We have spent time recently discussing moral values. One thing we have not touched upon is the fact that every moral statement is a statement about who we fundamentally are. For example, if I say, “People should be compassionate to one another,” I am not only saying something about God; I am also saying something about us — namely, that we are created to be compassionate people. Doing otherwise is to violate our true purpose and function.
The real difference between Christian thought and modern feminism does not rest on the question of equal opportunity but rather on the more foundational question of what it means to be a woman.
In the same way, when feminism makes the statement that traditional roles are a product of patriarchal oppression, it is making more than just a statement about men; it is also making a statement about what it means to be a woman. It is saying that to have children and raise a family is unnatural to a woman — that to engage in this activity is in fact to be complicit in evil.
But Christianity would go further than this. It would affirm that women are uniquely different from men — not just biologically or psychologically but fundamentally. That is, women do not simply happen to be different; they should be different. They are created to be different, and believing otherwise is to violate their true purpose and function.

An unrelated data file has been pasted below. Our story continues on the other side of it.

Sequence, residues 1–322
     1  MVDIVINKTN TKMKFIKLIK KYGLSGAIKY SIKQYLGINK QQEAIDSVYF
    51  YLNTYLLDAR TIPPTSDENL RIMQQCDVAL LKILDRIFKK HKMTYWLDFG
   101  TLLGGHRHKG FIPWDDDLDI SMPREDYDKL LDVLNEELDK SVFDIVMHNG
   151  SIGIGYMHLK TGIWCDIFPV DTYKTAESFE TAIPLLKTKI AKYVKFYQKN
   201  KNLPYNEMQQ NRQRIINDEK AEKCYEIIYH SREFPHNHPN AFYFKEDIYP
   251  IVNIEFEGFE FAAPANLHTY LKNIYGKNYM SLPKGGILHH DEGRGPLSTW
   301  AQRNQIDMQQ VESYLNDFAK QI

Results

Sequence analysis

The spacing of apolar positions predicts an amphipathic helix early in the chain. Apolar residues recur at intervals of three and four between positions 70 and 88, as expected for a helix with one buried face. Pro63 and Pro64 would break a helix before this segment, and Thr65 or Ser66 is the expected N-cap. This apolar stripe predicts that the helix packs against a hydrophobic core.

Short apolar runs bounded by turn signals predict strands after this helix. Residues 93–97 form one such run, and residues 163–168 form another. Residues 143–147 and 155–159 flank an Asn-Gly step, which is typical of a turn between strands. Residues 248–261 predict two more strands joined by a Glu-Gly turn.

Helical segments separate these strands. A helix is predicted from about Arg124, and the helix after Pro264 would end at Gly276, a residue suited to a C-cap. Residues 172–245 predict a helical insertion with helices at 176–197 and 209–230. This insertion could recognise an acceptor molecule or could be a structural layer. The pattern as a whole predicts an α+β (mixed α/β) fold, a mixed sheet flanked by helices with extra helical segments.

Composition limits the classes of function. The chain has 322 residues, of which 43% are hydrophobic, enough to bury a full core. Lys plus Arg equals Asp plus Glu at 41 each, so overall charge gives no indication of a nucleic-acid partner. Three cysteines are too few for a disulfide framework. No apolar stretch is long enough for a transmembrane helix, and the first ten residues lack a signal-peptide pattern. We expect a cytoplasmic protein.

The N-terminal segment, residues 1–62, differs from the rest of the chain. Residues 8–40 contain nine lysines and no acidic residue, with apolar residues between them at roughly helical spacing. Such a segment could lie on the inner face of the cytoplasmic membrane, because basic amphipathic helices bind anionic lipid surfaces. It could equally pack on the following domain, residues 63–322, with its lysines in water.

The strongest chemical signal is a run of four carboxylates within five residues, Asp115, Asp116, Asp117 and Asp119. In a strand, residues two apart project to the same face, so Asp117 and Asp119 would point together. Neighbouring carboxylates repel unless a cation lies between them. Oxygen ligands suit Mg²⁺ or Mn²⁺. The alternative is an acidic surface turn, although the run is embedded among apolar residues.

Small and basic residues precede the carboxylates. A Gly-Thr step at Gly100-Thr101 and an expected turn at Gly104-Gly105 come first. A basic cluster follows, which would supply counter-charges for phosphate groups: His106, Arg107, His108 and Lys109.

Christianity affirms that women are uniquely different from men — not just biologically or psychologically but fundamentally. Women do not simply happen to be different; they should be different.
None of this by the way violates the principle Johnson opens her editorial with: That women should have equal opportunities to men. They absolutely should. But for many modern-day feminists, the mere acknowledgment of the possibility of differences between men and women is too much for them: It is absolutely necessary that the message that women are just like men in every way be kept firmly in place.
Why is this? Has feminism tapped into some transcendent realm and discovered that men and women are exactly alike, even to the point of being interchangeable? Has feminism come face to face with a Moral Authority that has revealed to them the true nature and purpose of both men and women, and they happen to be identical?
The reason feminism must not admit any differences between the sexes is because if they do, this information may be used against them. If they admit women are uniquely made with unique needs and functions, they may be exploited and oppressed.
No. I would suggest the answer is far less transcendent: The reason feminism must not admit any differences between the sexes is because if they do, this information may be used against them. If they admit women are uniquely made with unique needs and functions, they may be exploited and oppressed. But as Johnson points out, I am not sure that their own fear of oppression has not resulted in them oppressing themselves. After all, if women have learned to despise themselves for desiring to have children and raising a family, how free can they be?
Christianity of course has a different solution to the problem of exploitation: It is called love. Where love is present, exploitation is not possible. Love allows for differences: It acknowledges them, affirms them, and even treats as sacred. Love lays down one’s life for the object of its affection, giving every opportunity for us to succeed.
And where we find such love, who we fundamentally are cannot help but come to life.